OAKLAND -- The chances of winning a financial windfall from the city of Oakland for an alleged wrongful termination are quickly dwindling for former city administrator Deborah Edgerly.
About a year after an Alameda County jury rejected Edgerly's claims that she was fired because of gender discrimination, a state appeals court ruled this week that she cannot pursue a claim based on the state's whistle-blower law.
Edgerly sued the city in 2009 after she was fired on July, 1, 2008, by former Mayor Ron Dellums, claiming she lost her job because she was a woman and because she refused to approve city reimbursement for three questionable expenses sought by Dellums.
Dellums had asked for the city to pay his wife's cellphone bill, utility bills at his private home and overtime for his personal driver.
Edgerly's firing, however, came in the midst of allegations that she interfered with a police investigation of her nephew William Lovan, who police suspected was a member of the West Oakland Acorn gang.
During a trial in 2009, Dellums testified that he did not fire Edgerly because of the investigation but did so because she stopped communicating with him after she withdrew from a previous agreement to retire.
While a trial court judge allowed Edgerly's claim of gender discrimination to proceed to a jury trial, the judge denied her request to have the jury decide if she was fired because she refused to approve city reimbursement for the questionable expenses.
Edgerly claimed she should be protected under the state's whistle-blower law because, by rejecting the expenses, she was essentially refusing to allow Dellums to violate the city charter.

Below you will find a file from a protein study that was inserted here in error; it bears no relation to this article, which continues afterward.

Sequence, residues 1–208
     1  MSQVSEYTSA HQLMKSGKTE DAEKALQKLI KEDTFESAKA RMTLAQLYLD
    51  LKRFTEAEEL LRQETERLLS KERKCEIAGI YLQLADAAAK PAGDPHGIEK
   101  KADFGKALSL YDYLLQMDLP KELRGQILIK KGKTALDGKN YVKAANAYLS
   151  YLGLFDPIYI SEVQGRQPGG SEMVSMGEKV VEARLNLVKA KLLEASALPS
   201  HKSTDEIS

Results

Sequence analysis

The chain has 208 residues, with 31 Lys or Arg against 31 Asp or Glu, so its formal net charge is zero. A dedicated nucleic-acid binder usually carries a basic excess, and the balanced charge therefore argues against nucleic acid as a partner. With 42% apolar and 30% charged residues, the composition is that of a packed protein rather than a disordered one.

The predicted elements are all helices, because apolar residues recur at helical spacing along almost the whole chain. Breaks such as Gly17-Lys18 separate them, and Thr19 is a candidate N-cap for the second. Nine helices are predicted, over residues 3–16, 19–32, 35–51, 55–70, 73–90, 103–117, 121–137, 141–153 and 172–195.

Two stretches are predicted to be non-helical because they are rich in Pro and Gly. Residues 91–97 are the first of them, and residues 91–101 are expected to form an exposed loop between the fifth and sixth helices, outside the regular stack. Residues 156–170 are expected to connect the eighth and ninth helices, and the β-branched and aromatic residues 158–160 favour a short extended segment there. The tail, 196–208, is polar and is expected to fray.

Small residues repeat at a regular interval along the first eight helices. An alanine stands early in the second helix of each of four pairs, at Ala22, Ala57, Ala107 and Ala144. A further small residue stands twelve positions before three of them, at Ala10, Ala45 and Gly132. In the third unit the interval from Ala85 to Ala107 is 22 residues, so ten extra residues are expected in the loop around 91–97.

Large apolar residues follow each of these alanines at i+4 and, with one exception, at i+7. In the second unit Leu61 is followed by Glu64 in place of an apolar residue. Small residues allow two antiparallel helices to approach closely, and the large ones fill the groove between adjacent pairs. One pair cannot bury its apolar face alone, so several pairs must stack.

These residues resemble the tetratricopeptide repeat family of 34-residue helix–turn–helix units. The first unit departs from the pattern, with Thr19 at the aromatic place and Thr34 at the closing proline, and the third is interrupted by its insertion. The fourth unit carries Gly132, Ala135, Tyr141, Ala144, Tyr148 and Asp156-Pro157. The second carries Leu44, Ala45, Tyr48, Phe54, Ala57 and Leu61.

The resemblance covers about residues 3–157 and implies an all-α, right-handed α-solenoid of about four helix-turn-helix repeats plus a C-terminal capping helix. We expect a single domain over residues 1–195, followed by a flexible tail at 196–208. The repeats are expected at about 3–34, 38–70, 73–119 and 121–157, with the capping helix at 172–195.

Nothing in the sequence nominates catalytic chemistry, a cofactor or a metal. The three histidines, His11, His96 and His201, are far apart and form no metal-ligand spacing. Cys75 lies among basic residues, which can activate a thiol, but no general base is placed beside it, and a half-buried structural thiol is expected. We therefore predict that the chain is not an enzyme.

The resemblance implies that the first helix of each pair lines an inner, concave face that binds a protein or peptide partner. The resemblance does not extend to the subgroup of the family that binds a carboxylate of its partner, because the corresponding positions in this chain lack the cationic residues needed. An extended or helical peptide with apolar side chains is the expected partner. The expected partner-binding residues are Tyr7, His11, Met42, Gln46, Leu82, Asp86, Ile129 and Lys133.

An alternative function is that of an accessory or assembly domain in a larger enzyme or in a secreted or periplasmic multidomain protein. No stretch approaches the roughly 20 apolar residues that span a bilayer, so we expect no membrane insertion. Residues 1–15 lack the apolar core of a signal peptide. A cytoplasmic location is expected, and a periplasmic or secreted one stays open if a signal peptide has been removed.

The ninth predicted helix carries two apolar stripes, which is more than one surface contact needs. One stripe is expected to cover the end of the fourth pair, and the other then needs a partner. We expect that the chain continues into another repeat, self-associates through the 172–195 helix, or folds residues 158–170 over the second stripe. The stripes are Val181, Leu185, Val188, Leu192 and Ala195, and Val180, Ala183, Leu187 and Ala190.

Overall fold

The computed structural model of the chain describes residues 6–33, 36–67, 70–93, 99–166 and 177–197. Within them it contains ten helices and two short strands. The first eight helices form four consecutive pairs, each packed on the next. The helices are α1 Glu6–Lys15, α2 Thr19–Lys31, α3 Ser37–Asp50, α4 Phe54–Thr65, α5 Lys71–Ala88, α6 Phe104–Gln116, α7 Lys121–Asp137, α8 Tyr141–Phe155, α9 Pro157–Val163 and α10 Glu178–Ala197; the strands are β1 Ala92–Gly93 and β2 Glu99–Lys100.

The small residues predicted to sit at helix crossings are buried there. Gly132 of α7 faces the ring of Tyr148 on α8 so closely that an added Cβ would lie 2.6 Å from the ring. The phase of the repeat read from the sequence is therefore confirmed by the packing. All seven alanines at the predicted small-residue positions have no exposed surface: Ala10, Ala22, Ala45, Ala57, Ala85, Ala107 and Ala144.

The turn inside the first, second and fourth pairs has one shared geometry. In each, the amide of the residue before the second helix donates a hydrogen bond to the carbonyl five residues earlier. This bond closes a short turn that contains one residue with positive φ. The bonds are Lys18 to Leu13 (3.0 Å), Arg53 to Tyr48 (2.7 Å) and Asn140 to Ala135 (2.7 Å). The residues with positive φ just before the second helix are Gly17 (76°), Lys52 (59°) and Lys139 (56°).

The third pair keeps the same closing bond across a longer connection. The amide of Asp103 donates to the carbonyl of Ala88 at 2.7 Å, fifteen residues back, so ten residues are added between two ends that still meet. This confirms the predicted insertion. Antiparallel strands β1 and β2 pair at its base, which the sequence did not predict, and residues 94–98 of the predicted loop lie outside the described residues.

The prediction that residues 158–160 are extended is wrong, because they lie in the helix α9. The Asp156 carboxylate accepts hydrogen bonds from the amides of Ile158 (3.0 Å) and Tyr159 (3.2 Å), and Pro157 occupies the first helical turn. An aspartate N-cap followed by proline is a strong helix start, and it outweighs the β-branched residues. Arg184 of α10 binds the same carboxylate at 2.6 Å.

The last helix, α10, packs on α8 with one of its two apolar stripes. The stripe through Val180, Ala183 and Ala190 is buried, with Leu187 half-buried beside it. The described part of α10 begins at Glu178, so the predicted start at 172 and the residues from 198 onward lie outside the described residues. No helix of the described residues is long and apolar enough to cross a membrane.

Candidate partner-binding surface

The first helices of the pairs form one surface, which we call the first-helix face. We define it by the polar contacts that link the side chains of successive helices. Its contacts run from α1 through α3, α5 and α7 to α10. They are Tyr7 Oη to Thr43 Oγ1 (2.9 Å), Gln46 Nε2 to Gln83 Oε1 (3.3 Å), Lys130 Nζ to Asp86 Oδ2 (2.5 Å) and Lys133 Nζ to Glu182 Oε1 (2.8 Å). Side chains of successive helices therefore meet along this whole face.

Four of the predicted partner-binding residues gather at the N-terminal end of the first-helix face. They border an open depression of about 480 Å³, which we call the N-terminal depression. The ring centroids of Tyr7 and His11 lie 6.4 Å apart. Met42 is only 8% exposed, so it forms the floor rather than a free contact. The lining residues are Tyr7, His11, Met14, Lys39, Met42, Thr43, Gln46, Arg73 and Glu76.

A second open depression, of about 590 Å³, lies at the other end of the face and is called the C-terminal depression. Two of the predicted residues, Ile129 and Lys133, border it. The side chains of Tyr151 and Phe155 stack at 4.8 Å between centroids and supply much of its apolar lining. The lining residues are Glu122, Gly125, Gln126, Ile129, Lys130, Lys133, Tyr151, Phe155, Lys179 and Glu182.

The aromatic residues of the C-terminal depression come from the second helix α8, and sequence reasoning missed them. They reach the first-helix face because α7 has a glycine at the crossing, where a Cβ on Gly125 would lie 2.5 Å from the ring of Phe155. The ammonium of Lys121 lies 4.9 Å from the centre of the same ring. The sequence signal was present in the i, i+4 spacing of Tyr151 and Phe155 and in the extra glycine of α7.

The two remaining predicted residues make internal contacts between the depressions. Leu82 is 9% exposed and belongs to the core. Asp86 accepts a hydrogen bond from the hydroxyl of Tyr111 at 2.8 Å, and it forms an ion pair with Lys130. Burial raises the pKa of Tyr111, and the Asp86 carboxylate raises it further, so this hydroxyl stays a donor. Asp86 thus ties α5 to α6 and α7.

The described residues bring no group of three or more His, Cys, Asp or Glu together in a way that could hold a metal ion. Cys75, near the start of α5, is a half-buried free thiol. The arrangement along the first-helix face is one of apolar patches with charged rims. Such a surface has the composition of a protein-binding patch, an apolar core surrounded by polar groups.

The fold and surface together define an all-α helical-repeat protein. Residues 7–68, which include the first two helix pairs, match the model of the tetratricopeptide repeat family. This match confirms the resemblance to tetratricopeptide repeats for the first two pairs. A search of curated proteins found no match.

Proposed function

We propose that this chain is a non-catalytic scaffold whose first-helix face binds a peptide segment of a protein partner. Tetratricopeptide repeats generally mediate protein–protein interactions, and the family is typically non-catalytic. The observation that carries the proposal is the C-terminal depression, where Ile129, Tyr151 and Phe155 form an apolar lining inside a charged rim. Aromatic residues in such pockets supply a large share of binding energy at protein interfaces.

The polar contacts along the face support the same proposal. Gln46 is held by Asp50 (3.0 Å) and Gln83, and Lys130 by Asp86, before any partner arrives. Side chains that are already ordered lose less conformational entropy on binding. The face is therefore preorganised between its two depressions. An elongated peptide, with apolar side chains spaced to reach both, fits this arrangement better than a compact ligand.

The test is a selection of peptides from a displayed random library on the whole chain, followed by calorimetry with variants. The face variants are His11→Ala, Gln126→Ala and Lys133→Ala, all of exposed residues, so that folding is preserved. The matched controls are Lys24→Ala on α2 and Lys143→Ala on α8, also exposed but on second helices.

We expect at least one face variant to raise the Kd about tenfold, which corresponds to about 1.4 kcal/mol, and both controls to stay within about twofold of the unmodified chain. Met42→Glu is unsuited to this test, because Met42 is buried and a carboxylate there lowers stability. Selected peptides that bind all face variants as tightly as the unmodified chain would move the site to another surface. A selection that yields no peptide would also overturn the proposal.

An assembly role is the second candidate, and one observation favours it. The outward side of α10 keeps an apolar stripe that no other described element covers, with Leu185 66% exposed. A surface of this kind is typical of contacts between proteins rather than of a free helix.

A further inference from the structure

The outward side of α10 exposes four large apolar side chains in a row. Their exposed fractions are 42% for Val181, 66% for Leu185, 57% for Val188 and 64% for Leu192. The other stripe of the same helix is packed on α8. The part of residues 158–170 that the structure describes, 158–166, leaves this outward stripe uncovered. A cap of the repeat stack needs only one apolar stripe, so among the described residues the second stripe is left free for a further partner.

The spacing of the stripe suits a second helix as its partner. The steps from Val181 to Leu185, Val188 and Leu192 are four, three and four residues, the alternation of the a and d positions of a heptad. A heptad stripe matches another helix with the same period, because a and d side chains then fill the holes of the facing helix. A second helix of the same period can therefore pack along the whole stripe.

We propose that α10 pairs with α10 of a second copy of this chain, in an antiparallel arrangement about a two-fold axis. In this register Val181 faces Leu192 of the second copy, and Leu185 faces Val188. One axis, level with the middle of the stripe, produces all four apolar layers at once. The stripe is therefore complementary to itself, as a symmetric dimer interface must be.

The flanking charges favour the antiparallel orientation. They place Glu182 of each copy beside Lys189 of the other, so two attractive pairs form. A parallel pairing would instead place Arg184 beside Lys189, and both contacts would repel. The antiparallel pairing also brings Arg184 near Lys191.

But in it's ruling published Wednesday, the state's court of appeal ruled that her actions were not covered by the whistle-blower law because Dellums was not attempting to violate a state law or rule.
Instead, the court ruled, Edgerly's claim that she refused to have the city reimburse Dellums was simply part of her routine work and not a protected action under the state law.
"Edgerly's argument is that as she routinely acted on each city official's expense reimbursement requests, each rejection constituted a per se violation of (the whistle-blower law), no matter how trivial or routine each rejection was," the court wrote. "This interpretation strains logic and, if adopted, could have serious impacts on the workings of the City and other charter cities." In addition, the court found, Edgerly's claim that she refused the payments was wrong because evidence showed she "actually approved two of the three requests and referred the third request to the city attorney's office."
Edgerly could appeal the decision to the state Supreme Court. Her attorney, John Scott, did not return calls seeking comment.
The City Attorney's office declined to comment.